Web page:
There had been only a slight phuttt from the gun. Its barrel had swung up a degree to meet my hand and the dart had ripped flesh away. A trained athlete reacts as fast as a cat, and muscle-obedience to the motor nerves is almost instantaneous. (p.138)

Ah so.

He held a ·38 automatic and it had a silencer. ‘Silencer’ is a misnomer. No gun can be made silent. A full baffle will absorb a lot of noise but it will also cost a lot of impact and can make the difference between a kill and a maiming wound – and a man with a maiming wound can run and can even fight and can even close in before the second shot comes. This was a half-baffle designed to cut down the noise without costing too much fire-power. (p.140)

In many places this ‘novel’ approaches as close to a textbook or manual as a work of fiction can. And all the people in it are faultless professionals who have all been to the same finishing schools for spies and secret agents.

His hand moved fractionally into the killing-attitude, pressing the gun against his side to cushion the recoil. (p.142)

The Chinese hadn’t moved. Blood came from the hole in his neck. She had shot for the third vertebra in the cervical region, smashing it and severing the nerves. It was a surgically accurate shot, consideration having been taken of the limitations of so small a gun. (p.146)

They were working as a perfectly disciplined cell controlled by a professional of talent. (p.166)

So it’s odd, eerie, then, that the overwhelming impression the narrator makes is of an idiot, permanently angry, always shouting at his calm boss, arrogantly declaring he has the only plan to protect the visiting Royal – a plan which completely misfires allowing the Royal to be kidnapped by the gang – an idiot, and who then deliberately lets himself be cornered in a warehouse, hand grenaded, poisoned by cyanide and then has his car shot away from under him.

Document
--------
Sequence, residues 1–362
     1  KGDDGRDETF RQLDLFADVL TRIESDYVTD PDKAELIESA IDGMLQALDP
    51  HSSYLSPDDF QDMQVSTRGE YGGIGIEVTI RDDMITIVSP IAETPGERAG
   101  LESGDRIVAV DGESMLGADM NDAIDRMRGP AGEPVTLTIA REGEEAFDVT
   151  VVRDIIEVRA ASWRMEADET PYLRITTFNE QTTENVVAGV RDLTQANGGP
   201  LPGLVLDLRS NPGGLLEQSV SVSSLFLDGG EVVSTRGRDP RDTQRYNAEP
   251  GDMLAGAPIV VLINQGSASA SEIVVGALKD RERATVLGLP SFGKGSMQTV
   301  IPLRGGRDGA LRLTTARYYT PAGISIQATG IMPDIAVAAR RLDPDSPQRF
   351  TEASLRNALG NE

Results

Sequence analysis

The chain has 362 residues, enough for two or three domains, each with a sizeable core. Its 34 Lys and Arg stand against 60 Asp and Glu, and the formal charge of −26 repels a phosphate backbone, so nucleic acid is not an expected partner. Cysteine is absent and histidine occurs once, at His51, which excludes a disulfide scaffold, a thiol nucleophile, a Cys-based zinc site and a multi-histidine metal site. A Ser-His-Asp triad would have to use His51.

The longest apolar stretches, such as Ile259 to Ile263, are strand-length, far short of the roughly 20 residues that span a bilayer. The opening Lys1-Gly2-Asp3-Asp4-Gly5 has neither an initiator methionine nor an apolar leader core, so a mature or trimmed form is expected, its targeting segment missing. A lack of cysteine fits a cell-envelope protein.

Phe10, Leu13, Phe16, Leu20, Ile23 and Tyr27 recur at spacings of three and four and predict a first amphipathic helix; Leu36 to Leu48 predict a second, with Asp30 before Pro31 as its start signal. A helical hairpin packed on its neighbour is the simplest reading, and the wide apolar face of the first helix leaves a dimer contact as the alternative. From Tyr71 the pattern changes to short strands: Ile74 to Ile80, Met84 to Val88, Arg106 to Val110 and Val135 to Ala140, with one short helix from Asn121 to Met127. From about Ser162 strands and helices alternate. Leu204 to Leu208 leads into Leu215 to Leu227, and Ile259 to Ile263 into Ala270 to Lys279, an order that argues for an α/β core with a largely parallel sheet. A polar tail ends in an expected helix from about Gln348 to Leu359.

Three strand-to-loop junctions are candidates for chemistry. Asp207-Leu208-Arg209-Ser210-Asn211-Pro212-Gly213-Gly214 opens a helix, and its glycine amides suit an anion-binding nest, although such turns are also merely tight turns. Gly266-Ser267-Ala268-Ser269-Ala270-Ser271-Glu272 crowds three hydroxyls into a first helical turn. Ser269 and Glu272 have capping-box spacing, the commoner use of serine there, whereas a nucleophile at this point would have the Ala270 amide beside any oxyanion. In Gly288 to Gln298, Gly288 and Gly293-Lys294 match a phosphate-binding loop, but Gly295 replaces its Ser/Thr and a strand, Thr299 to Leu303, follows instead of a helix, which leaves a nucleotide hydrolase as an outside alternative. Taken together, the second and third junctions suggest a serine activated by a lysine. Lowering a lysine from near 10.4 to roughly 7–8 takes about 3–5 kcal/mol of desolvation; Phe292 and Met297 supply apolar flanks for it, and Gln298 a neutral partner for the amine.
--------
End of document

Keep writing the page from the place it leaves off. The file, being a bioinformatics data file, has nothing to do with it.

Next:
There are countless pages of manual-speak but next to no intelligence. Instead the crucial breakthroughs in the plot are complete accidents – he happens to see Kuo going into the temple which will be used for the hit; and he happens to glimpse out the corner of his eye a Rolls Royce with the Union Jack being flown incorrectly on it and so suspects it is being used to smuggle the Royal out of Bangkok.

The narrator goes to great lengths to show off his expertise, but comes across as a technocrat buffoon. On page 174 he accuses himself of gross stupidity and it is hard to disagree.

Related links

Fontana paperback edition of The 9th Directive, tie-in with the BBC TV series

Fontana paperback edition of The 9th Directive, tie-in with the BBC TV series

The Quiller novels

  • 1965 – The Berlin Memorandum Quiller tangles with a group of neo-Nazis led by Oktober, trying to get details of their organisation til the capture and interrogate him to get the details of his organisation.
  • 1966 – The 9th Directive Quiller is in Bangkok where he uncovers a plot to assassinate ‘a leading Royal’, which he incompetently fails to realise is really a disguised plot to kidnap him. After much shooting and a high speed road chase the Royal is exchanged for an enemy spy on the Chinese border.